Councils hit with 'dramatic' budget cuts by Whitehall

Tickets still on sale for Falklands talk

Fareham and Gosport residents could face front-line service cuts after Hampshire County Council admitted it couldn't protect anything other than education.

The county will lose 30m-35m per year on average from April 2011-March 2015 because of government finance demands made yesterday.

Secretary of State for communities and local government Eric Pickles announced a 26 per cent cut in payments from his department to councils over the period.

Hampshire County Council last year received 216.1m from the government. It will get 185.2m next year, a cut of almost 31m.

Its leader, Tory Councillor Ken Thornber, said: 'This dramatic reduction is as bad as we expected. We have been preparing for this. We will look at the detail of our provisional settlement to see exactly how the figure breaks down. Once that's complete we'll have a better idea of the impact on our budget.'

Cllr Thornber previously told The News: 'Education is protected and we don't want to make any cuts in children's care. But we must look at everything else, including even adults' social care, because these are huge cuts.'

The council has already promised to reduce senior management costs by 25 per cent, cut around 2m from its libraries budget, continue a recruitment freeze and shaved 35,000 from its councillor wage bill by merging four cabinet posts into two. It is also entering partnership deals with Dorset County Council and other authorities to cut costs and share services.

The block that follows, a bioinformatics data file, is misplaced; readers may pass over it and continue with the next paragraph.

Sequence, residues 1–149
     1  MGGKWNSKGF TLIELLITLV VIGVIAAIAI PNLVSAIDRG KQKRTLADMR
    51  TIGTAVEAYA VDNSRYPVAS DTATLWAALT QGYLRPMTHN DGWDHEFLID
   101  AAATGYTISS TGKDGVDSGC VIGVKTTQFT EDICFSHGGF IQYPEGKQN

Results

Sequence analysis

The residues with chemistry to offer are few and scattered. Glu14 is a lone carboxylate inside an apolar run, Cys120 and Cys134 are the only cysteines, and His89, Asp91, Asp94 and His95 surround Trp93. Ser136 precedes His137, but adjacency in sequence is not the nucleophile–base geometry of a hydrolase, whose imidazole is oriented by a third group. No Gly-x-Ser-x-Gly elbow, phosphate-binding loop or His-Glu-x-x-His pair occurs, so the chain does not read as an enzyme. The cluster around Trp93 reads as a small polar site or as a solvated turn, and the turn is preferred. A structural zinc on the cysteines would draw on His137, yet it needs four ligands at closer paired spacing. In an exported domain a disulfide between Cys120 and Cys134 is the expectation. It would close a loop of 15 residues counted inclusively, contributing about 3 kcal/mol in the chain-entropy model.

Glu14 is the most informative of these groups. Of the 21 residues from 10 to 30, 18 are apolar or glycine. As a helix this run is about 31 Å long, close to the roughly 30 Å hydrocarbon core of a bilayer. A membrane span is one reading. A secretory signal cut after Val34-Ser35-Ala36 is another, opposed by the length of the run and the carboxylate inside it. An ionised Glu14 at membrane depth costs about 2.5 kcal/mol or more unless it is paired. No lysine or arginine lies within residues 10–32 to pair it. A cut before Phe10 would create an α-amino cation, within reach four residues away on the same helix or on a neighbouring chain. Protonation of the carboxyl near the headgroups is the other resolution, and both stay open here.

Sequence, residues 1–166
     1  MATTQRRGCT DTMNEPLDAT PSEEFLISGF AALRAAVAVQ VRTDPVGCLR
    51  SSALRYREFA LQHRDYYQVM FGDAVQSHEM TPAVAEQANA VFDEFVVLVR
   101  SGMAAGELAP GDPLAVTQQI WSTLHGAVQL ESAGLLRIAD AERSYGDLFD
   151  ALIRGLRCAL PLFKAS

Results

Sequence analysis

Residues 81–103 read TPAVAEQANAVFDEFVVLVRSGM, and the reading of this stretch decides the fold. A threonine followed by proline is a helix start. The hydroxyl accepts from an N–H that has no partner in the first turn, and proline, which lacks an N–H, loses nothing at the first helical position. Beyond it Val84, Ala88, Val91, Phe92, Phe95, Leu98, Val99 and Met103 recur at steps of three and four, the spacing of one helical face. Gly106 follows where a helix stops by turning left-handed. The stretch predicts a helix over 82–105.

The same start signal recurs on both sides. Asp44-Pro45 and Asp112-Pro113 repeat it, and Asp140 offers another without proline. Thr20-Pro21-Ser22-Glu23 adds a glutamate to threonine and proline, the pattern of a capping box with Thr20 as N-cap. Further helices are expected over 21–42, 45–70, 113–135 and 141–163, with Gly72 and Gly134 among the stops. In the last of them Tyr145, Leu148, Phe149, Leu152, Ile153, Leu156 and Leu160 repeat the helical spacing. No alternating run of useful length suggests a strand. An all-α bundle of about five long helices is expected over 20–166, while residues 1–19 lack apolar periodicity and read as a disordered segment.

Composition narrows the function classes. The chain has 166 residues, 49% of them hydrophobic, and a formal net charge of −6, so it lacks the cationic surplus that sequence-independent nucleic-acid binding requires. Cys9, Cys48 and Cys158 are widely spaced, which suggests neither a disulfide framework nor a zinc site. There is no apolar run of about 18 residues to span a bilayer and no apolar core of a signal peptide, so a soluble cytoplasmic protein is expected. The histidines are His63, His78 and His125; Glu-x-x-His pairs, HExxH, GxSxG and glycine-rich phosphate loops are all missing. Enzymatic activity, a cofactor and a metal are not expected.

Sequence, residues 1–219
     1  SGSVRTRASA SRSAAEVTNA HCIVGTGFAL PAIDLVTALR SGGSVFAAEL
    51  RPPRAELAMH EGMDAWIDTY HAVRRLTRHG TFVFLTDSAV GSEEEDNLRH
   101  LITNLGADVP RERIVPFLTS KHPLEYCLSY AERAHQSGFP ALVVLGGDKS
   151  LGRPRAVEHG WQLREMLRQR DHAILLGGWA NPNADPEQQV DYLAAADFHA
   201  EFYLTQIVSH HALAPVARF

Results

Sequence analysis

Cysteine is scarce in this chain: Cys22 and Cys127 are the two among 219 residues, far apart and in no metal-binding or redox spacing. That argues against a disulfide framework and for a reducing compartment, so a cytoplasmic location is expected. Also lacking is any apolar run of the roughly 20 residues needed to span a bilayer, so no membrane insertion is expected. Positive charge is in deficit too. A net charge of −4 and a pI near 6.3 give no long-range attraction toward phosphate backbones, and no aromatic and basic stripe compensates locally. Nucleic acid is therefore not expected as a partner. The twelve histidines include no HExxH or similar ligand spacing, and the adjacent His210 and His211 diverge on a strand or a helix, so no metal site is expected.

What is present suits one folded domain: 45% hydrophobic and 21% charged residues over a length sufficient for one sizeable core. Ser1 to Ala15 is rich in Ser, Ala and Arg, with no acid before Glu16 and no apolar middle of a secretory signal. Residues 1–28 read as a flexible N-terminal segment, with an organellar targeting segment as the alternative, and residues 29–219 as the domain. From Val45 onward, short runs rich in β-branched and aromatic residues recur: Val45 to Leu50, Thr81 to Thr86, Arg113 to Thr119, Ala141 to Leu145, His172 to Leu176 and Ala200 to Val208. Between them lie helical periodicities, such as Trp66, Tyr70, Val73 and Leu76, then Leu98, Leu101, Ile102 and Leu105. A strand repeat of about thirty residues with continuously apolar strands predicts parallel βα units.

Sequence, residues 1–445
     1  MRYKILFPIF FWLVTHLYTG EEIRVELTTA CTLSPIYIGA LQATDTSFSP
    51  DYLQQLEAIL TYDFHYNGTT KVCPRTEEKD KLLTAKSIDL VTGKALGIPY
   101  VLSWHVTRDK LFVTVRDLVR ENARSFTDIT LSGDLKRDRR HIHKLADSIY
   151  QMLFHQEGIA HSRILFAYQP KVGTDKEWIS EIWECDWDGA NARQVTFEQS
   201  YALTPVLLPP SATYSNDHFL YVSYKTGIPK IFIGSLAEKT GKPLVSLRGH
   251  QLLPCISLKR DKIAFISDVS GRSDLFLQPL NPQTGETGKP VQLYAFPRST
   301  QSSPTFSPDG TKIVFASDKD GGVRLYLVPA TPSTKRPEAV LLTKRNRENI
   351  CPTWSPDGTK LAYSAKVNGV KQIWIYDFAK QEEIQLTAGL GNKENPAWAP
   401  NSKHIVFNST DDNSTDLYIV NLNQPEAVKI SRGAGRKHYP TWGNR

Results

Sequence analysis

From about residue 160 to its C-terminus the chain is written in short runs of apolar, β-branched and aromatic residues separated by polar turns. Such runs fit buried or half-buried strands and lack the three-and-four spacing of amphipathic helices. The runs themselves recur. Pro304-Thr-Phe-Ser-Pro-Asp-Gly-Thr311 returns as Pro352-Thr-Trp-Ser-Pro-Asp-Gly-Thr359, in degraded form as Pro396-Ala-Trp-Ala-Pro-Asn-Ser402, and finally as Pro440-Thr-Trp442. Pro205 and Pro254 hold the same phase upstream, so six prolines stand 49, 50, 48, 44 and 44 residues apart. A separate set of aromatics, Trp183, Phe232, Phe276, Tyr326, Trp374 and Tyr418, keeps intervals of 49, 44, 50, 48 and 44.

In Gosport, where the borough council's government funding will drop from 7m this year, to 5.14m next year, its Tory leader, Councillor Mark Hook, predicted services would be hit.

Cllr Hook said: 'We'll protect rubbish collection and maintenance, but we must look at services including pest control and our grant to the Citizen's Advice Bureau. We don't want to cut them and we're consulting the public, but something has to be done.'

Fareham Borough Council faces a drop from 6.4m this year to 4.6m next.

Its leader, Tory Councillor Sean Woodward said: 'It's a huge drop. We raise our own revenue and have made cost-cutting measures, like sharing environmental health with Gosport Borough Council. There will be no service cuts this year, but it's an enormous amount to have lost.'

Meanwhile Havant Borough Council will lose 2.4m in next year's settlement, including 1m lost as it hands over the running of the region's concessionary bus pass scheme to Hampshire County Council.

It has already merged several services with East Hampshire District Council to save cash.

And Portsmouth City Council is looking at measures including a recruitment freeze, a crackdown on sickness pay and sharing buildings and providing services in partnership with Southampton City Council and Isle of Wight Council.